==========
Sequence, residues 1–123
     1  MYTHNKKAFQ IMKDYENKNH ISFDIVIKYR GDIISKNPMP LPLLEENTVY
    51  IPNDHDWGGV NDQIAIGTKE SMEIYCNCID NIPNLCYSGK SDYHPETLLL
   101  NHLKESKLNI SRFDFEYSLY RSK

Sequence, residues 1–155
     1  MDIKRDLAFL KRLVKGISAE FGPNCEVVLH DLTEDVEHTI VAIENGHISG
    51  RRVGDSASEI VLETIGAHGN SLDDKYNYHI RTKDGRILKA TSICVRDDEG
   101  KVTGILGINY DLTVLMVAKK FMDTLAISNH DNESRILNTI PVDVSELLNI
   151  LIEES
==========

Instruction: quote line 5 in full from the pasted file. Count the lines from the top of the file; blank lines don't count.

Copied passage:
Sequence, residues 1–155